NEW YORK ( TheStreet) -- Pierre Bonneau gets a lot of phone calls like this one: An elderly woman who has come across a pile of forgotten stock certificates while sorting through her files. The certificates are from 1959 and bear the name General Telephone.
Bonneau's business, founded by his parents in Montreal in 1969 and called Stock Search International, exists to answer the question: Is there any underlying value to the equity ownership once guaranteed by these now-moldering pieces of paper?
For a fee, Bonneau, who now runs Stock Search out of his house on Martha's Vineyard, will attempt to find out. The core of the job is investigative legwork -- kicking around in libraries and the offices of secretaries of state -- and it's here that Bonneau discovered that General Telephone & Electronics was the result of a merger between General Telephone and Sylvania Electric in 1959, that the company changed its name to GTE in 1982, that several stock splits had increased the holdings by a factor of 10, and that the share owner of General Telephone & Electronics in 1959 was a share owner of Verizon (VZ) in 2011.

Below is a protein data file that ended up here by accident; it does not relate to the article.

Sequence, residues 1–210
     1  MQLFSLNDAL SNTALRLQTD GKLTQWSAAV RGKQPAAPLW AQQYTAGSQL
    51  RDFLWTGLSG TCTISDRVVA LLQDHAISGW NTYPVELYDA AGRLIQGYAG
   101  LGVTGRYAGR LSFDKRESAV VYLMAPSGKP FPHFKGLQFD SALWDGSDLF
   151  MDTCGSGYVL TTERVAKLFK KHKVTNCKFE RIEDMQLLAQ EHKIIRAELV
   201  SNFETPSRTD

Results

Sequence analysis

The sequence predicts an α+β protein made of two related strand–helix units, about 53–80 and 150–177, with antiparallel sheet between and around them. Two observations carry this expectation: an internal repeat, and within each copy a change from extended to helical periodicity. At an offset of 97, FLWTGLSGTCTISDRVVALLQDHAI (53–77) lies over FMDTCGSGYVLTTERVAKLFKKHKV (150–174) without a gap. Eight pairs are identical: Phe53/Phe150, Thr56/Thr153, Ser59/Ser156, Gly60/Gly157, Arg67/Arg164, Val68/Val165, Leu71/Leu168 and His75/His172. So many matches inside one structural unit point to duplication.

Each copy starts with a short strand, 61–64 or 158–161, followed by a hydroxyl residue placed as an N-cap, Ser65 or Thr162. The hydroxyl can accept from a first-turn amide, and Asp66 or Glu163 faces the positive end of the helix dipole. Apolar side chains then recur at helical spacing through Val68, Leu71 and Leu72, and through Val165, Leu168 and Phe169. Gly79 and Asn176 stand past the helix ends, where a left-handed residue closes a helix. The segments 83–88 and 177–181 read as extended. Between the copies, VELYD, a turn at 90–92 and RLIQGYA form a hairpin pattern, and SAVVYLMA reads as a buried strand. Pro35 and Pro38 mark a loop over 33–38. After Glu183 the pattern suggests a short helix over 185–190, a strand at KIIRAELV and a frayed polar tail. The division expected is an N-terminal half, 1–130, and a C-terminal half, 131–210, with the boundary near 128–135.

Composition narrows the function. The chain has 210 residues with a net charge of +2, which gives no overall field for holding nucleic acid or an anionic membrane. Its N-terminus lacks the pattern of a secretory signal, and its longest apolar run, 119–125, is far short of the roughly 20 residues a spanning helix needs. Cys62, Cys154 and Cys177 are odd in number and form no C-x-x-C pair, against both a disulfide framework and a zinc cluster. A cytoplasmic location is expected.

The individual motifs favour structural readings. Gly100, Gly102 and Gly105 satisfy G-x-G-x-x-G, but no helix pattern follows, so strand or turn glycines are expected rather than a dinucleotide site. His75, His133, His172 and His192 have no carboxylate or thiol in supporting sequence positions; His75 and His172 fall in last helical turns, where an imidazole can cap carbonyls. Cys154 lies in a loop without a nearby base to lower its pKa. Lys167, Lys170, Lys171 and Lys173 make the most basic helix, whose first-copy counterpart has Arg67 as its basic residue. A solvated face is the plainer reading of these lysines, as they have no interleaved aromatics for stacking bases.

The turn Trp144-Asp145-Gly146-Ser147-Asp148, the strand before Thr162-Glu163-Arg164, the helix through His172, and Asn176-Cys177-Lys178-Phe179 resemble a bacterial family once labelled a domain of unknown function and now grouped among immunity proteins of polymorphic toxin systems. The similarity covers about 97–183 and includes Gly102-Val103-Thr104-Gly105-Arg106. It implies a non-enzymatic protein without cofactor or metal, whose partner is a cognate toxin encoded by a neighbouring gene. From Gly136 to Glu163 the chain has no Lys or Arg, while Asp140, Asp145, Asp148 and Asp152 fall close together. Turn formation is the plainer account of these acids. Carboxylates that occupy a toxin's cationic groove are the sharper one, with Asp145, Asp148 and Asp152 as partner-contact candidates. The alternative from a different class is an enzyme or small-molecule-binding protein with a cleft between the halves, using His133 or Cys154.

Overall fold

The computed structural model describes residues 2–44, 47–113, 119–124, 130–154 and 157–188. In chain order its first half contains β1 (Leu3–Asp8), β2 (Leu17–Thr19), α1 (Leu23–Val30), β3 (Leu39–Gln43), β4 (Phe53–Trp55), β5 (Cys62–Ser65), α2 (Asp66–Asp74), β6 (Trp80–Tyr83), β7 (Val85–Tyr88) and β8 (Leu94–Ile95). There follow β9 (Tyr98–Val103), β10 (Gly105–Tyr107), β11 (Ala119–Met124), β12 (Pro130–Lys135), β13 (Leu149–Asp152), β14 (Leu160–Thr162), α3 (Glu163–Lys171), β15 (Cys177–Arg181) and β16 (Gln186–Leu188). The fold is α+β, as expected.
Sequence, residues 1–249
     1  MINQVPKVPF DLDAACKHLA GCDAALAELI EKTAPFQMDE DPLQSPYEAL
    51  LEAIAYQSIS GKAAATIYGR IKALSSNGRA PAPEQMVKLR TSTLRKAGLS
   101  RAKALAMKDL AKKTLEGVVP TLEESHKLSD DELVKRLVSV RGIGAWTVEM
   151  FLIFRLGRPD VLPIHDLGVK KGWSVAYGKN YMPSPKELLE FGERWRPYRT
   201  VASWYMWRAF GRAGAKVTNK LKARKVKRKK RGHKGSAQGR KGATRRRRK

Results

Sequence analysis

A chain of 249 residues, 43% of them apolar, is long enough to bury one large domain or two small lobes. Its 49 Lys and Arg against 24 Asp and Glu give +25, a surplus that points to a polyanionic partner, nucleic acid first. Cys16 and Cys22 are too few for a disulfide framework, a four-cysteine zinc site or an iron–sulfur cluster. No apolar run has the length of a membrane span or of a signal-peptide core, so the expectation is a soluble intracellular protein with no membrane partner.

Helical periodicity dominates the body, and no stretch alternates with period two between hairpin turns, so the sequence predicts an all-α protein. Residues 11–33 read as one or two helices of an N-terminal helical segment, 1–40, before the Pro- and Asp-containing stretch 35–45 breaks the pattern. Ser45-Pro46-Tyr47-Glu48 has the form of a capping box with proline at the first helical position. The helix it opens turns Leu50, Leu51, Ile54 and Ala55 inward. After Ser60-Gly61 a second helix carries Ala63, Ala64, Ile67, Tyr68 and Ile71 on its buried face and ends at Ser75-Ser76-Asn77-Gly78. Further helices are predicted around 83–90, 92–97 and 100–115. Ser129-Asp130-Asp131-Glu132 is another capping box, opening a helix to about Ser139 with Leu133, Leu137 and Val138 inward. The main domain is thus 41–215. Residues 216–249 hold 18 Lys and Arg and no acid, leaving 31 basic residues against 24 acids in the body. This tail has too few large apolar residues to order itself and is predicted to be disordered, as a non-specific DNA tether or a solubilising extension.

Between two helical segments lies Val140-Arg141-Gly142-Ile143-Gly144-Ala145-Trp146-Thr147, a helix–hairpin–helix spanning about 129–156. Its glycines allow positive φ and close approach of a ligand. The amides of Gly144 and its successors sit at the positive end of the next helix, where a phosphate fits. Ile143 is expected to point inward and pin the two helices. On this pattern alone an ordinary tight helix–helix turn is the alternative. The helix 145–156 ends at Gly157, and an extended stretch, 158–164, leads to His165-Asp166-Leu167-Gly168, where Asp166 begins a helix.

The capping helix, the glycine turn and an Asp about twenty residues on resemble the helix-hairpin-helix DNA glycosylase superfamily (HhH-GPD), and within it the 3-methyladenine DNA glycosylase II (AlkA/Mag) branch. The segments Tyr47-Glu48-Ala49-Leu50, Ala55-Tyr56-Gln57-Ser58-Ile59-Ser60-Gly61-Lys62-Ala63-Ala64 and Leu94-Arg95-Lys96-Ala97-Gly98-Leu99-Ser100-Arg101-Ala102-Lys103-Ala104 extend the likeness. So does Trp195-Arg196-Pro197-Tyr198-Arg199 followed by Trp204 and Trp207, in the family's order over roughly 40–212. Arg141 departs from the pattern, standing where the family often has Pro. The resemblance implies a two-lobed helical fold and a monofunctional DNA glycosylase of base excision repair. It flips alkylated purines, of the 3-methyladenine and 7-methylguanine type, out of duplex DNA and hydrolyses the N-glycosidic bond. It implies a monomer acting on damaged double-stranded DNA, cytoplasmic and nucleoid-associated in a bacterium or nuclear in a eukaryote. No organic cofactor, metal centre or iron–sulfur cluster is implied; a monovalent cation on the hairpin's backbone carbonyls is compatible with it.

"This for us shows the potential of old shares," Bonneau says in his Quebecois accent. "People will often say: it's too old, there's no value. It's like assuming all old wine is bad and has gone to vinegar."Stock Search used to have more competition, but its one-time rivals are now more involved in old stock and bond certificates as collectibles along the lines of numismatics or philately. There's even a term for securities-as-collectibles -- scripophily. ( Scripophily.net, run by Bob Kerstein, is one of these dealers.) The business, in other words, has shifted. Still, Bonneau says he receives between 15 and 20 such phone calls a week, on average, from all over the world. "Our specialty is to help people who don't know where to go. We are the last resort." There's a common fantasy at the bottom of a business like Bonneau's, a certain kind of simplistic stock-market fable, akin to the logic of Antiques Roadshow, except with a Wall Street big-money twist: Being gifted a safety-deposit box full of old E.I. DuPont de Nemours & Co. (DD) (founded 1802) stock certificates that some long-lost ancestor bought at the turn of the century and that have now split into securities worth millions. The fantasy has its tragic inverse as well: The grandfather, say, who unloaded his portfolio of IBM (IBM - Get Report) in a panic in November 1929. After all, the history of American business (from one point of view, at least) is an unbroken chain of innovation, explosive growth and epic wealth creation. That history gives rise to a form of common fantasy: How much would that one share of Big Blue, acquired when the company debuted on the New York Stock Exchange in 1915, be worth today? How rich would we have been made? On the occasion of the centennial of the founding of International Business Machines Corporation, TheStreet has set out to create a list of the publicly traded companies, more than a century old, that have done just this: created wealth. We wanted to isolate, in as simple a way possible, those venerable institutions that have survived more than 100 years and that have still performed the best for investors in relatively recent times: over the last decade and the last 20 years. Dozens of major U.S. corporations meet the basic requirement of tracing their roots earlier than 1911. But our objective was to focus on those businesses that remain the most relevant -- and by relevant we mean returning value to those who own pieces of them. What better way to measure such a standard than sheer share-price appreciation? That's why we made sure to judge performance against two rudimentary but all-important figures: appreciation of the broader equities markets and the rate of inflation. Since 1990, the S&P 500 has gained 280%. Since 1990, inflation has come in at about 65%. If a stock didn't beat those two ( Dow Chemical (DOW) and Ford (F - Get Report), for example), it was left off our list. And that's why you won't find many venerable banking institutions here -- JPMorgan Chase (JPM), Citigroup (C), for example -- both of which can claim origins in the 19th and even 18th centuries, but whose equity values saw great harm in the most recent financial crisis. (IBM, by they way, with a dividend and split-adjusted increase of about 860% since 1990, just missed the cut.) To trim the list even further, we didn't just look at recent stock performance. We culled from the pool of candidates those companies that have been altered through merger or acquisition, or that have gone into and out of bankruptcy. No General Motors (GM) here (founded 1908, bankrupt 2009), no Monsanto (MON) (founded 1901, merged into Pharmacia in 2002, spat out again two years later), no Anheuser-Busch (founded 1875, taken by the Belgians, 2008). Without further ado, our list of the oldies but goodies: